Captain John from www.skippertips.com gives a colregs refresher on the required dayshapes you need while under sail or power.
Did you realize that the Navigation Rules (sometimes called the “NavRules”) require that you hoist day shapes in certain situations. Now, I’m not here to tell you what to do, but to share with you what the Navigation Rules say we are required to do in certain situations.
After all, those Rules were written for one purpose–to prevent collisions. Are you sure that you are in compliance in the US Inland waters or in International waters? Check this little-known Rule to find out!
Turn to Rule 3, General Definitions, in the Navigation Rules (both International and Inland) to understand how the Rules define different types of vessels. Sailboats can be “sailing vessels” or “power-driven vessels” at any given time. How do you know which you are? Read this excerpt from Rule 3:
Rule 3 General Definitions (b)The term “power-driven vessel” means any vessel propelled by machinery. (c)The term “sailing vessel” means any vessel under sail provided that propelling machinery, if fitted, is not being used.
What Does a Dayshape Tell Others About You?
Navigation dayshapes are similar to navigation lights. They can tell other vessels what type of work you are doing or how maneuverable you are (i.e. diving, dredging, laying underwater pipeline, fishing (except with trolling lines), trawling, towing, broken down, restricted in maneuverability, aground, anchored, motor-sailing, etc…). That way, other vessels near you will know how to maneuver in order to avoid collision or danger.
The Rules state that dayshapes shall “be complied with” (used in accordance with the Rules) by day, in all weathers, and must be of a certain color and shape (Rule 20(d) and Annex I, paragraph 6). Each Rule specifies where on the vessel the specific dayshape should be carried.
Have you passed by a large ship at anchor with a black ball hoisted high above her deck? The anchor ball dayshape must be hoisted by day, in all weather conditions, in the forward part of the vessel, and be black in color and of a certain size (minimum sizes are specified for vessels 20 meters (65.6 feet) or more in length (Annex I, paragraph 6). Some smaller vessels or vessels anchored in certain areas may not be required to show the anchor ball dayshape (see Rule 30 for more on this).
Vessels Proceeding Under Sail and Power
Sailboats are often required to carry dayshapes when being propelled by sail and power. You are now a power-driven vessel, and must make that clear to those around you. In International waters–or those waters seaward of the Demarcation lines, you must carry a cone with the point downward hoisted in the rigging.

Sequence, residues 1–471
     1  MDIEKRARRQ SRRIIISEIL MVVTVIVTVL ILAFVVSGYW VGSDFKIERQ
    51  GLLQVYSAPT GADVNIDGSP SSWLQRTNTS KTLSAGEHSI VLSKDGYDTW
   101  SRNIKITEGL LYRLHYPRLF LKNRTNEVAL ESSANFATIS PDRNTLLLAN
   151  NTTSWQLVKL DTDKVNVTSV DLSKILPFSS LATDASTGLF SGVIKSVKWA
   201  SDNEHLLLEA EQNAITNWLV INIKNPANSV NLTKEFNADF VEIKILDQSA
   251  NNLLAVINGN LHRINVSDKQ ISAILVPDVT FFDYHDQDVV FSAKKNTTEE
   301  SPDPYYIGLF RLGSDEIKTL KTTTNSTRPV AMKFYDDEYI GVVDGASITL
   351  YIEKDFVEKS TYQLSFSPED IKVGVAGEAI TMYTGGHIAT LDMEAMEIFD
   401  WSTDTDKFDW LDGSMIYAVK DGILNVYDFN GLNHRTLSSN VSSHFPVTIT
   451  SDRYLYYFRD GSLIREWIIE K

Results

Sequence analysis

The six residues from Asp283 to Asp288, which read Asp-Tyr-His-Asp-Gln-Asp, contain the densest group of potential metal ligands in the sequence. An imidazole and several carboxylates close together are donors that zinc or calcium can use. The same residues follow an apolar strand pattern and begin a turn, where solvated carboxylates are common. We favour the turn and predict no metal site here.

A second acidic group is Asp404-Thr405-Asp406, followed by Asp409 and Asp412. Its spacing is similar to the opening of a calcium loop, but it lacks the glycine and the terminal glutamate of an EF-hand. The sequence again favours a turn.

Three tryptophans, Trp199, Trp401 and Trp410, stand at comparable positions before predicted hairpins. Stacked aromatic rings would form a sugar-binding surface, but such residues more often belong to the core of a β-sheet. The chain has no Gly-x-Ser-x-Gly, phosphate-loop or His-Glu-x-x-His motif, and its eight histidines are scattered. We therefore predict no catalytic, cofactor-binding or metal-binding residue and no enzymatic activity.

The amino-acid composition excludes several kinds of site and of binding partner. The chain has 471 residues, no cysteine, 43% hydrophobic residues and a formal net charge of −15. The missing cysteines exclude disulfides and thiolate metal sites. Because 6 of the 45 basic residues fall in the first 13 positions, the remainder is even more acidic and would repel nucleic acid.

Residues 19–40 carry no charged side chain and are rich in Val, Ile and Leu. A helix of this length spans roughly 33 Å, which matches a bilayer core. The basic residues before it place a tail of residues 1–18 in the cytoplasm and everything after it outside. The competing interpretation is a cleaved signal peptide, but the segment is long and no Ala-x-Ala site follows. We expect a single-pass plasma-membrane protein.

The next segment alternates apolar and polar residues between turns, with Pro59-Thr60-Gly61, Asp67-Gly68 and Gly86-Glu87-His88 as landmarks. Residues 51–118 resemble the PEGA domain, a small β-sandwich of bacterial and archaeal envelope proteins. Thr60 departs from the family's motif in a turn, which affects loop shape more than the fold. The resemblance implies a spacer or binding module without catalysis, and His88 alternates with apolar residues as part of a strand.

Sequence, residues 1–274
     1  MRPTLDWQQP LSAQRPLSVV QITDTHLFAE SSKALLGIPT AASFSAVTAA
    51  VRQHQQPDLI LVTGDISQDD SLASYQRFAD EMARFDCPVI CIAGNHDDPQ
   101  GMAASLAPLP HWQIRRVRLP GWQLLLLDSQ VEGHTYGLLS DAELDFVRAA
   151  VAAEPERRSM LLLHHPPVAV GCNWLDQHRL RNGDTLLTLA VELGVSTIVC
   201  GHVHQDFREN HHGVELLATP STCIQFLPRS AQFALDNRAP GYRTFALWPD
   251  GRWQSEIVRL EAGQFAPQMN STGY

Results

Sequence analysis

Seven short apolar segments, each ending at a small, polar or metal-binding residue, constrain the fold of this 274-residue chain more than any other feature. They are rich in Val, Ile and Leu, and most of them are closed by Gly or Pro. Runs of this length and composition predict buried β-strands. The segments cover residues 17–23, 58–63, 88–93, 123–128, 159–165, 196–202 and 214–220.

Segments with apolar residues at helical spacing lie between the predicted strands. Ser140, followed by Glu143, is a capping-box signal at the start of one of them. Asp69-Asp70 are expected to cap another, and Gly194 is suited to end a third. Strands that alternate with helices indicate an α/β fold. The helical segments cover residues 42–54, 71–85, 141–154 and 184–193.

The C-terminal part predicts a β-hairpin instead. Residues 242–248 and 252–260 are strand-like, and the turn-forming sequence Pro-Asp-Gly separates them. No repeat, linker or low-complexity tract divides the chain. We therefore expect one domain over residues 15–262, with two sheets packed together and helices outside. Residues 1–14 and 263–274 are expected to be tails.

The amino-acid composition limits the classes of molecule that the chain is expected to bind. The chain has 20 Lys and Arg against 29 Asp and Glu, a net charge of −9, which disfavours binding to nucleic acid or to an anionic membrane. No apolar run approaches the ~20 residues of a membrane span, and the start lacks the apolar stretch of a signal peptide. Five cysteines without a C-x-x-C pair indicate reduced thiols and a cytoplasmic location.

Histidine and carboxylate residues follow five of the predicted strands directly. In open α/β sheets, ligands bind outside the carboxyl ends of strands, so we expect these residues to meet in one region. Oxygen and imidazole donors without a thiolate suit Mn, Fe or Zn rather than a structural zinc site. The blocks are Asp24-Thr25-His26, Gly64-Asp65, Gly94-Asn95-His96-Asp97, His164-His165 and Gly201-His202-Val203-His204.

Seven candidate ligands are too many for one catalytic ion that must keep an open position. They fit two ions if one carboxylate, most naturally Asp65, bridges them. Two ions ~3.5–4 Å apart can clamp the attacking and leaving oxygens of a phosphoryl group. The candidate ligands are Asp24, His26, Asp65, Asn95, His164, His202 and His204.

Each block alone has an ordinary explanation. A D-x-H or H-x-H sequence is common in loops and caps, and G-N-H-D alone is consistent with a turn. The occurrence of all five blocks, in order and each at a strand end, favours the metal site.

In Inland waters–or those waters of the U.S. shoreward of the Demarcation lines, only sailboats 12 meters (39.4 feet) or more in length have this requirement. That’s not to say smaller sailboats could not do so, but they are not required to do so.
So how can we verify whether or not we must hoist this dayshape when we are motor-sailing? Let’s look at Rule 25(e) for the answer. Throughout the NavRules, if a Rule says “shall”, that means we are required to comply with that specific Rule or that specific part of the Rule. If it says “may”, that means we have a choice. These two words–”shall” or “may”–can make a whale of a difference in any Rule!
International – Rule 25(e) (e) A vessel proceeding under sail when also being propelled by machinery shall exhibit forward where it can best be seen a conical shape, apex downwards.
Inland – Rule 25(e) (e) A vessel proceeding under sail when also being propelled by machinery shall exhibit forward where it can best be seen a conical shape, apex downward. A vessel of less than 12 meters in length is not required to exhibit this shape, but may do so.
As you can see, just those vessels in Inland Waters less than 12 meters have an option. All others are required to hoist the dayshape when proceeding under sail and being propelled by the engine.
What Does the Other Skipper See?
Consider what the skipper on a power boat might assume if he or she sees you under sail. Pretend that you can “beam yourself aboard” a powerboat like the crew on those old Star Trek reruns. Now look back at your sailboat under sail and power and what do you see? Sails are up, so it seems to be a “sailing vessel”–but then again–maybe not!
After all, you might not see exhaust water flow from the sailboat’s stern tube. So how do you know whether to give way to this sailboat or not? If you do not see a black cone with the point downward, this vessel has status as a “sailing vessel”. If you see a black cone with the point downward, this vessel has status as a “power-driven vessel”. And that means she must maneuver in accordance with the Rules for “power-driven vessels”.
Match the Dayshape Dimension to Your Sailboat Size
Annex I of the Navigation Rules gives detailed information about color and sizes of dayshapes (and many other specifications on technical details on navigation lights). Annex I, paragraph 6(a) and 6(a)(ii) states that a cone dayshape must be…
- Black in color.
- Have a base diameter of at least 0.6 meters.
- Have a height equal to that of the base diameter.
Important Note for Smaller Sailboats! A vessel less than 20 meters (65.6 feet) does not need to carry a shape of these dimensions, but the shape should be proportioned (the Rules use the term “commensurate“) to the size of the vessel.(see Annex I, paragraph 6(c)).
Use these sailing tips to determine when you need to carry those dayshapes required by the Navigation Rules for safety and to help prevent collisions at sea. Keep your sailing crew and sailboat safe and sound on the waters of the world–wherever in the world you choose to cruise!
Courtesy of www.skippertips.com